Does the blood sugar disease help cause malignancy, or just share common risk factors?
WEDNESDAY, June 16 (HealthDay News) -- People with diabetes may have something else to be concerned about -- an increased risk of cancer, according to a new consensus report produced by experts recruited jointly by the American Cancer Society and the American Diabetes Association.
Diabetes, primarily type 2 diabetes, has been linked to certain cancers, though experts aren't sure if the disease itself leads to the increased risk or if shared risk factors, such as obesity, may be to blame.
Other research has suggested that some diabetes treatments, such as certain insulins, may also be associated with the development of some cancers. But the evidence isn't conclusive, and it's difficult to tease out whether the insulin is responsible for the association or other risk factors associated with diabetes could be the root of the link.
"There have been some epidemiological studies that suggest that individuals who are obese or who have [high levels of insulin] appear to have an increased prevalence of certain malignancies, but it's a complex issue because the association is not true for all cancers," explained Dr. David Harlan, director of the Diabetes Center of Excellence at the University of Massachusetts Memorial Medical Center in Worcester, and one of the authors of the consensus report.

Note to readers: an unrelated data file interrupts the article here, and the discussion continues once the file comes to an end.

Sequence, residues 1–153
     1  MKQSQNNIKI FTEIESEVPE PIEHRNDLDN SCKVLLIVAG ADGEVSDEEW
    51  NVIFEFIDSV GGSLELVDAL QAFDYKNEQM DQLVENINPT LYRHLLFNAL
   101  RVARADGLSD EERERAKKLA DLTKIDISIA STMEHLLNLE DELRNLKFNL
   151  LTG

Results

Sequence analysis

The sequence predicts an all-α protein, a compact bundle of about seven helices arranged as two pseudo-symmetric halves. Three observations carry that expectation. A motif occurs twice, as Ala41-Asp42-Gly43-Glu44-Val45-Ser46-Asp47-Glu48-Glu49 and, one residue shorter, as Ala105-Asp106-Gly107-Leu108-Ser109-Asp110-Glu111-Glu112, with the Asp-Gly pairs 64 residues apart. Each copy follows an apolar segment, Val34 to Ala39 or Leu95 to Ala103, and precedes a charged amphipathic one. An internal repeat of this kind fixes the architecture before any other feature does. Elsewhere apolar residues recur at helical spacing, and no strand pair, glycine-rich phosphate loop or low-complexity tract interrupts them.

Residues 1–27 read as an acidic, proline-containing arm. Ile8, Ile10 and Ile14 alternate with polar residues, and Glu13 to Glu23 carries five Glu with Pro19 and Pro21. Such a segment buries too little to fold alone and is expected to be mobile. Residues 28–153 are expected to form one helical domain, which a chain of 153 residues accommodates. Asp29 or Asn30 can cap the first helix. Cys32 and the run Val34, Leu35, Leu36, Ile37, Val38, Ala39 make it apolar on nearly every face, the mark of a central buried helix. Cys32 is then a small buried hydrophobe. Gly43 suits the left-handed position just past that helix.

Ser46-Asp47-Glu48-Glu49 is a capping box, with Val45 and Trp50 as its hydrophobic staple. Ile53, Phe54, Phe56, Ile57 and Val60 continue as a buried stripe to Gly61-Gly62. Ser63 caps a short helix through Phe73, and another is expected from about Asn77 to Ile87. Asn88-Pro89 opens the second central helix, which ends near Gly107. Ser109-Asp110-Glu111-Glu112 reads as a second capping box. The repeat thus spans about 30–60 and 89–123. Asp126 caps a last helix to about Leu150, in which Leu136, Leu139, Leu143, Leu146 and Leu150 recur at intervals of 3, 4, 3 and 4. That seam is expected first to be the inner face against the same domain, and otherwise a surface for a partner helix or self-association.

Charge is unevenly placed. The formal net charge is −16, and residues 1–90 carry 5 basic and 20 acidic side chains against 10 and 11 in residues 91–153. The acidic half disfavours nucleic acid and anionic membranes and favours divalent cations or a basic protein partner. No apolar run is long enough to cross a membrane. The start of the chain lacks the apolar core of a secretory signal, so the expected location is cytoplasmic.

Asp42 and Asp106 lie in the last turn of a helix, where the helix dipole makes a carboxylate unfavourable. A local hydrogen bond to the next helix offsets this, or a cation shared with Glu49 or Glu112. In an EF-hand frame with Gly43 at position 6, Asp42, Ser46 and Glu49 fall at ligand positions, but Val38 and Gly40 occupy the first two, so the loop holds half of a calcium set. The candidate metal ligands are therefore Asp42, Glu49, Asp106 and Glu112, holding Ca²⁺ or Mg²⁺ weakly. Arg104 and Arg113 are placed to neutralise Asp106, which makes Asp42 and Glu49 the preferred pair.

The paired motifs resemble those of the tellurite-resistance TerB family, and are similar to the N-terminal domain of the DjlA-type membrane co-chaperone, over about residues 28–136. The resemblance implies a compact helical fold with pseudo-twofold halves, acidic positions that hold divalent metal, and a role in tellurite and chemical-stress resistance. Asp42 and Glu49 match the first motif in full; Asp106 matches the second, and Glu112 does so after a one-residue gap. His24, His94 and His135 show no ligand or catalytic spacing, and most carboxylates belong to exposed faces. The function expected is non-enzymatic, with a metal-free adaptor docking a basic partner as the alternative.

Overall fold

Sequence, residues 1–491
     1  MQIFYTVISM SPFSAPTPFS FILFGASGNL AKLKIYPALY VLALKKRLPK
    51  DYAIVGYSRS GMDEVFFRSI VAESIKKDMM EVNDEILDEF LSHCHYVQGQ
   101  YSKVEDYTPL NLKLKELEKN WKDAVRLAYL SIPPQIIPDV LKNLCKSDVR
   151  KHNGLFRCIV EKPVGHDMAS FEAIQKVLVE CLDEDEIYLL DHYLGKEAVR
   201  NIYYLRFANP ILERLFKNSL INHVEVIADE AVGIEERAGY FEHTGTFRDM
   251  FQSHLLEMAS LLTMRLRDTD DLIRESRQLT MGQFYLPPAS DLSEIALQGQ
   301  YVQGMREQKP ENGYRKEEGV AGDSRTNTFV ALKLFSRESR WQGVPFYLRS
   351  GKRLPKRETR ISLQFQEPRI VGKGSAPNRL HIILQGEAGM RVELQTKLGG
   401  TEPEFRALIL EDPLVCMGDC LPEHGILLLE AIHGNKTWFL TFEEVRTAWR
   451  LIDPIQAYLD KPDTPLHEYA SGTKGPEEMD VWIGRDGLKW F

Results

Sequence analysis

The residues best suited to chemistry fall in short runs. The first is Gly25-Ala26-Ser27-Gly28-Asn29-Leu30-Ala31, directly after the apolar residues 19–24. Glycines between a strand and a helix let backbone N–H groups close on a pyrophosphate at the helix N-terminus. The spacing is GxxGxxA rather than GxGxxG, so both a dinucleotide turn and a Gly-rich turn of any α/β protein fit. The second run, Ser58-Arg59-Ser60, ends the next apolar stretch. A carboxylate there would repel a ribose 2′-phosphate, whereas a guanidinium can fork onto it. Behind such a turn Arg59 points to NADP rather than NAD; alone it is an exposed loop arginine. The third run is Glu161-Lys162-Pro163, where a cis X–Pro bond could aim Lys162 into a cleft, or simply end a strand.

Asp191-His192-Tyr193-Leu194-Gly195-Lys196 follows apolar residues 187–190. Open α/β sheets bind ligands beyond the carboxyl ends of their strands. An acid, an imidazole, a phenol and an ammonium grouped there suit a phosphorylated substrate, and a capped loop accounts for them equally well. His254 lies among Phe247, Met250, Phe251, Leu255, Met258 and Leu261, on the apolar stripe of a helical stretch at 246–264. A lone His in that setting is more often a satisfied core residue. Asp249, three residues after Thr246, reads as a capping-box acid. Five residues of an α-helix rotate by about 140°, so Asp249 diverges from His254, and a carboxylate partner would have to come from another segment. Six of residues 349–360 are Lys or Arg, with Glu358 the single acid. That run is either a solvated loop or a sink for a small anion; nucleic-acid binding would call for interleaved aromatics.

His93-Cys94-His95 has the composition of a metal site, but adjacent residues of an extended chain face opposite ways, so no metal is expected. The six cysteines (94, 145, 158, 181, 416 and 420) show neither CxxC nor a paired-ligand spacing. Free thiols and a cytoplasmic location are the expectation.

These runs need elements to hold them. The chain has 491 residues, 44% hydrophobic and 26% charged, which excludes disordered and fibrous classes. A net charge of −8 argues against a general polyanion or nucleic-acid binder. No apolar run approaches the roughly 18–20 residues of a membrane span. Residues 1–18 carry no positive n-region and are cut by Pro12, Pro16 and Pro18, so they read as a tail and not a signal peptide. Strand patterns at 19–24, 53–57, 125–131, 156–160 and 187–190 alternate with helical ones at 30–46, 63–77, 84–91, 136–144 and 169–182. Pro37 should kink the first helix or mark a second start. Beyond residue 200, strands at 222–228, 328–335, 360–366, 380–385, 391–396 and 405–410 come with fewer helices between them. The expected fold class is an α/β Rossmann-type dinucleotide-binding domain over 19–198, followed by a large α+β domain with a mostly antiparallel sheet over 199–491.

"So, there's some smoke to suggest an association -- but no clear fire," he added.
As for the possible insulin-and-cancer link, Harlan said that because a weak association was found, it's definitely an area that needs to be pursued further. But, he said, that doesn't mean that anyone should change the way they're managing their diabetes.
"Our greatest concern is that individuals with diabetes might choose not to treat their diabetes with insulin or a particular insulin out of concern for a malignancy. The risk of di
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